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Re: A new paradigm?(On pitch and periodicity (was "correction to post"))
On Thu, 6 Oct 2011 10:44:07 -0700
"Richard F. Lyon" <DickLyon@xxxxxxx> wrote:
> My impression is that "transmission line models" is too tied to
> one-dimensional or long-wave approximations. Am I wrong? Is it the
> case that you can make a 1D electrical transmission-line analog of a
> 2D or 3D hydrodynamic traveling-wave system? Or do you mean to
> include 2D electrical analogs in what you call transmission-line
> models? We just need to be clear what the scope of your preferred
> term is.
I agree that transmission-line models are tied to long-wave approximations in most people's minds, and that that is a significant weakness, but the models can often be modified to better approximate 'real' 3-D wave propagation, without discarding them completely.
In my PhD thesis (on processing of deep-sea divers' speech) I spent quite some effort modelling the effects of vocal tract wall vibration on speech production. The vocal tract is significantly different from the auditory system (the wave propagates in a compressible medium, with an elastic and damped boundary, the source impedance varies with time, etc., etc.) but in the case of the vocal tract, it was possible to approximate 3-dimensional effects by making the speed of sound propagation frequency-dependent, and taking account of different 'modes of propagation'.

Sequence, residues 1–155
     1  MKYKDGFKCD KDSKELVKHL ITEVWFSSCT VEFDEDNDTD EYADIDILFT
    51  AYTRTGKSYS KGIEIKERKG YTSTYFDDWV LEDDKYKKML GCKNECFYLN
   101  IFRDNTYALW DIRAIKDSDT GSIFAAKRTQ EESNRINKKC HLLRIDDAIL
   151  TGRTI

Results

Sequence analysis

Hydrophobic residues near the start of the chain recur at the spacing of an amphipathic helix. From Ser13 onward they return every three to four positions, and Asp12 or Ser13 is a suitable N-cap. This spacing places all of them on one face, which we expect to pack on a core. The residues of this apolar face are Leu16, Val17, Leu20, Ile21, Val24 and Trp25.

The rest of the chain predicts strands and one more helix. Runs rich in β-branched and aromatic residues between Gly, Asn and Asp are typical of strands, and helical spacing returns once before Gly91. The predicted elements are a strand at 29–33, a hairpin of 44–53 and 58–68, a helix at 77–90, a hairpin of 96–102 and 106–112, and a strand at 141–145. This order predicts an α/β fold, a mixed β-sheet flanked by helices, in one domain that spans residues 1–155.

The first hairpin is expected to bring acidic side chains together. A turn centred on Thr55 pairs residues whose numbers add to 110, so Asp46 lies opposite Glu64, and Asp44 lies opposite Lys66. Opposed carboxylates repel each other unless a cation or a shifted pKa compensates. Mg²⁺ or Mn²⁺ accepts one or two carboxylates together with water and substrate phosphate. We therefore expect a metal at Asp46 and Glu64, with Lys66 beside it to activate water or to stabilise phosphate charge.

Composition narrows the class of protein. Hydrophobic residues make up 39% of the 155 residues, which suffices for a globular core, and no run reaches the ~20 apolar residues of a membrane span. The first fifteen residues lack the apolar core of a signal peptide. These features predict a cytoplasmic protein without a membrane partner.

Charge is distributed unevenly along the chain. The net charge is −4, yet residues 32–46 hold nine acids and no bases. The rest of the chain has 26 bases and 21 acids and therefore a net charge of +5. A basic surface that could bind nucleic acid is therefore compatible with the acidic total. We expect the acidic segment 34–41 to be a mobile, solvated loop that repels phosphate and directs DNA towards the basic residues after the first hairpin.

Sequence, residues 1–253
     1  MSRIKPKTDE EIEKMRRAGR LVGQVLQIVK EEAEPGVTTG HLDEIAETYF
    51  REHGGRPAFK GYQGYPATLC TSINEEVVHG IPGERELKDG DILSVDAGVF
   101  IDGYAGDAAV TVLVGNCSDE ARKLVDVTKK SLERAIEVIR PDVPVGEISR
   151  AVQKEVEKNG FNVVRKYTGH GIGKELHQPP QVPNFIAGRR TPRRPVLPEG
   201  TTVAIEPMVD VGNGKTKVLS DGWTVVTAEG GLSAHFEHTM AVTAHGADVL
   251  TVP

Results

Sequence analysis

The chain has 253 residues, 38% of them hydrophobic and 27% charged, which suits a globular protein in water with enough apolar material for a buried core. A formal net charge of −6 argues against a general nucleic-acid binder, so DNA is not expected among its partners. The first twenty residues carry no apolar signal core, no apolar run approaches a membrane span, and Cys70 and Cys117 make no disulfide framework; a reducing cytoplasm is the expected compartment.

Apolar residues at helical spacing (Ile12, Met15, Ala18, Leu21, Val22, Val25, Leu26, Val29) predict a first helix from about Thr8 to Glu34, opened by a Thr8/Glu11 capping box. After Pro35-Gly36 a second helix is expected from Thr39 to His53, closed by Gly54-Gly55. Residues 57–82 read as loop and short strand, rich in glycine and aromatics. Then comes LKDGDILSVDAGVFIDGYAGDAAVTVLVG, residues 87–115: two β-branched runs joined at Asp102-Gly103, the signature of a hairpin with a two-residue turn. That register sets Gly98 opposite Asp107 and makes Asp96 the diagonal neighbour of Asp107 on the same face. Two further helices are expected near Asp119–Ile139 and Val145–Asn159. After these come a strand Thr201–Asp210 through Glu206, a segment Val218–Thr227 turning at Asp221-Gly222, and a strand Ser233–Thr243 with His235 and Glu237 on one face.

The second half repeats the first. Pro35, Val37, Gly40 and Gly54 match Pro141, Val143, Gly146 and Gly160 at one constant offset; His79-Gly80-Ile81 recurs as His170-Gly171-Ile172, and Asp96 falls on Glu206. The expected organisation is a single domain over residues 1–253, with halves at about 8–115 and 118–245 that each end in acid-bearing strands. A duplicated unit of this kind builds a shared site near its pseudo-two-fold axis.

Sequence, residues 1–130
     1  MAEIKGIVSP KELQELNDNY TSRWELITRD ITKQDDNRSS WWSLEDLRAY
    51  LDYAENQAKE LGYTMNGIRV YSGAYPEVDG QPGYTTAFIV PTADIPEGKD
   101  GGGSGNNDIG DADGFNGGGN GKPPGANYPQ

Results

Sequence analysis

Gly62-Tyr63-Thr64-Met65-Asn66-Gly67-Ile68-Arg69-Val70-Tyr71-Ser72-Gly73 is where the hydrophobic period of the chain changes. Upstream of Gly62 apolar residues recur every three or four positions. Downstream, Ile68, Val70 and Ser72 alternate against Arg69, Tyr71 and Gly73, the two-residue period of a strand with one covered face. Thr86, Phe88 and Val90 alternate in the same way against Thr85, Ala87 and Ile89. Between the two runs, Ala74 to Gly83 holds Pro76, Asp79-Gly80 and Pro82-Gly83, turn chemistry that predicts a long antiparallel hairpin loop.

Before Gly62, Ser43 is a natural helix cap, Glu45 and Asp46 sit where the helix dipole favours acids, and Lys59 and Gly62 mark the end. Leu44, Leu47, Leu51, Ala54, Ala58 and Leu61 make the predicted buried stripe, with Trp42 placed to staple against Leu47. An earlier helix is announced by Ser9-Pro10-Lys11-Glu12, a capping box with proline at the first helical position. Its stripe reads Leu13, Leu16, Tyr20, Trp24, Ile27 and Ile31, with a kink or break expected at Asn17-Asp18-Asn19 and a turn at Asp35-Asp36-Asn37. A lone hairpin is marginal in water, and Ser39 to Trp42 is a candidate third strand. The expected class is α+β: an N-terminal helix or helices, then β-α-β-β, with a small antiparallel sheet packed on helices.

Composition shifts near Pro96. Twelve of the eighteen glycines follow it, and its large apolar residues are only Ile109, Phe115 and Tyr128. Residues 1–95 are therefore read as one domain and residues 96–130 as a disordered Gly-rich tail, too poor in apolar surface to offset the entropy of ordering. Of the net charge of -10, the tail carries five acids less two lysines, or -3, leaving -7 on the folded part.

Analysing the dimensions, the elasticity and density of the vocal tract wall allowed me to come up with a pretty realistic model of the variation of sound velocity (and hence acoustic impedance) with frequency. The different 'modes of propagation' of sound waves in both elastic and non-elastic tubes has been extensively investigated over the years.
I haven't tried to model the auditory system in the same way, but I suspect it would be worth a try. There are two factors which seem somewhat specific to the auditory system:
1) the elasticity and mass of the basilar membrane and associated structures vary along its length
2) the speed of propagation of the sound wave in the cochlea is not simply due to the elasticity of the basilar membrane - it also needs to be modified to take account of the propagation of the wave from the basilar membrane back to the round window, the elastic properties of the round window itself, and possibly Reissner's membrane
I'd welcome any comments on this, although I doubt I will find time to pursue it myself.